A slowing down at this point would actually be no bad thing. The Afghanistan conflict is fiendishly complex, and such conflicts are rarely resolved by high-speed, fast-track negotiations. Indeed, “peace accords” in Afghanistan have a poor record of producing the results for which their architects had hoped. The 1988 Geneva Accords on Afghanistan did not bring peace to Afghanistan, but remitted the issue of internal political order to the battlefield. A concerted UN effort to put an interim regime in place in 1992 came unstuck in a dramatic fashion. And a raft of agreements in 1992 and 1993 between resistance groups all unravelled, several of them spectacularly.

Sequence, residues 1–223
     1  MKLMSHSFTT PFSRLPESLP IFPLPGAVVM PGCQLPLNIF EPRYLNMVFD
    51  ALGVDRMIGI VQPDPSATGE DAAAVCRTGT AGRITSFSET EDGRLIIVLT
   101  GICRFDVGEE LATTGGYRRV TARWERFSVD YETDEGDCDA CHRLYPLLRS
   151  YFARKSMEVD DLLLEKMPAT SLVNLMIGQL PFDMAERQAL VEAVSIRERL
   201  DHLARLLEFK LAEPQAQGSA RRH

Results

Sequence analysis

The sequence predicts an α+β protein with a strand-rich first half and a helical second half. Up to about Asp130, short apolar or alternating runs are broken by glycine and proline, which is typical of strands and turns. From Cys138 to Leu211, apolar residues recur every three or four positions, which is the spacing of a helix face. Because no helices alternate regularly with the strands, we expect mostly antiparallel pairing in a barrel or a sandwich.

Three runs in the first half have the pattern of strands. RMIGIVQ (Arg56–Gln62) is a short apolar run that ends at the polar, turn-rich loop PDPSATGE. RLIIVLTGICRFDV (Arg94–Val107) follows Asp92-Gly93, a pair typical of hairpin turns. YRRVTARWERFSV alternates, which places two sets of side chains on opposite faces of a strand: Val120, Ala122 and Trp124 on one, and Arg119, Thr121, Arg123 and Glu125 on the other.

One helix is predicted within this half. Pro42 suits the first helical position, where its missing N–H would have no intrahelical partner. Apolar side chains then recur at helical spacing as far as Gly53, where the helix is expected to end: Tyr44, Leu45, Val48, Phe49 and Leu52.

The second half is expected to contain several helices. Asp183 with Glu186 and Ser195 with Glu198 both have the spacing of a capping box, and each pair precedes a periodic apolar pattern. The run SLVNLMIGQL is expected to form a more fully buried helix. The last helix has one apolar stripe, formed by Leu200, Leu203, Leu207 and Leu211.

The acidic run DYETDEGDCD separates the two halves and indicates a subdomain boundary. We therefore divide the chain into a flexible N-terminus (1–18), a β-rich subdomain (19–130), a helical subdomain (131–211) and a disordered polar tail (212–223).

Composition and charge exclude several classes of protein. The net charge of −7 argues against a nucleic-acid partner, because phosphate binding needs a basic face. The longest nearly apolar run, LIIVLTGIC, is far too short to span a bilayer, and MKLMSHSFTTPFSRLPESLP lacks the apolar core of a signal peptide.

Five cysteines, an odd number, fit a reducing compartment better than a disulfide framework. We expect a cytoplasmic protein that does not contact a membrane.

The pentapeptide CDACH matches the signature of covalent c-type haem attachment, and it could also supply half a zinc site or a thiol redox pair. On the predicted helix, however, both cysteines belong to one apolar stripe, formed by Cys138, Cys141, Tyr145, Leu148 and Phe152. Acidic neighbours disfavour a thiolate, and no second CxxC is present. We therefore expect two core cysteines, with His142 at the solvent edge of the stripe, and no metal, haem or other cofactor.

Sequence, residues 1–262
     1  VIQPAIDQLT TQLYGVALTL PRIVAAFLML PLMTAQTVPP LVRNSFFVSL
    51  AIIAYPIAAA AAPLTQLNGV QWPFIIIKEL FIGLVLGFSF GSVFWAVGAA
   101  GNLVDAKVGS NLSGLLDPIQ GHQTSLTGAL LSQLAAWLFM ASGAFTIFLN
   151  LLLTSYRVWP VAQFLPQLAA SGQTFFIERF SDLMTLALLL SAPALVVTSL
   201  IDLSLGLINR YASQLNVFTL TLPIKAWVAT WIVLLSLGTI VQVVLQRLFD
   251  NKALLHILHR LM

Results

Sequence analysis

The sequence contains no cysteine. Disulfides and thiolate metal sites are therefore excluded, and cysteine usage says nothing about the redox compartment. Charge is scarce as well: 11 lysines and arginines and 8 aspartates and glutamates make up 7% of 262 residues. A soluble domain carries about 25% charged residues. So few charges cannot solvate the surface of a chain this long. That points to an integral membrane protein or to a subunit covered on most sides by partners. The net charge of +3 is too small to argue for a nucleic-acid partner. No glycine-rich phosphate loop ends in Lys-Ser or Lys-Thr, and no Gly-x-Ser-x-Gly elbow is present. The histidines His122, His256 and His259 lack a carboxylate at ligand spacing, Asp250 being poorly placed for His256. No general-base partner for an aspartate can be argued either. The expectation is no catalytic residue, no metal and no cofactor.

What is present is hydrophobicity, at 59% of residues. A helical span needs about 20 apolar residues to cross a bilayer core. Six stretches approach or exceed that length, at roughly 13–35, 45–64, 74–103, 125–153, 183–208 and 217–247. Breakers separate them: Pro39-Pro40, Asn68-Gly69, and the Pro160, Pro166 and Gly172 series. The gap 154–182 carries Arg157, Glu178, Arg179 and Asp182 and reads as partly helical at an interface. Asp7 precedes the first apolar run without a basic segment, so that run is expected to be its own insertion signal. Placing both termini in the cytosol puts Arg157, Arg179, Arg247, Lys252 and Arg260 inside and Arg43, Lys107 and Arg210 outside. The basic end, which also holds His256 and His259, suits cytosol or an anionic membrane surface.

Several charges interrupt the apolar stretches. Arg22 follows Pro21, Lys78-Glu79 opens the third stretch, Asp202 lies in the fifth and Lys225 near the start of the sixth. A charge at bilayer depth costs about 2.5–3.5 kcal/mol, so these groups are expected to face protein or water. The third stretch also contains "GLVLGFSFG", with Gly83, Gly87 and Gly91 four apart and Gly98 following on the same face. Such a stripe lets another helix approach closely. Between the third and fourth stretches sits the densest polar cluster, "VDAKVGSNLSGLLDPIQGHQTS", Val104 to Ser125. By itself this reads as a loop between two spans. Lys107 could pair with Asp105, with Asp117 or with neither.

A range of factors militate in favour of caution rather than haste. First, the mooted agreements overlook an angry elephant in the room, namely Pakistan’s Inter-Services Intelligence Directorate (ISI), which has long supplied sanctuary in Pakistan for the Taliban, plainly in the belief that an unstable Afghanistan is preferable to a stable Afghanistan that happens to be pro-India. There is circumstantial evidence pointing to a Pakistani hand in the US drone strike in 2016 that killed the then Taliban leader Mullah Akhtar Mansour, who had seemingly been searching for ways to escape from ISI domination; and a recent bomb blast in Quetta that killed the brother of the current Taliban leader appears equally suspicious. With Pakistan’s blood rising over new Indian steps in Kashmir, Pakistan may be inclined to condition any cooperation with the US over Afghanistan on a US position on Kashmir that Washington is extremely unlikely to take. With the Taliban best viewed as a ‘network of networks’, it is open to the ISI to enhance the role of the militant “Haqqani network,” which even the Chair of the US Joint Chiefs of Staff described as a “veritable arm” of the ISI. And in the extreme, Pakistan could seek to make use of Islamic State as a tool in Afghanistan as well. Any ‘peace accord’ which is premised on assumptions of durable, good-faith cooperation from Pakistan is based on extremely shaky foundations.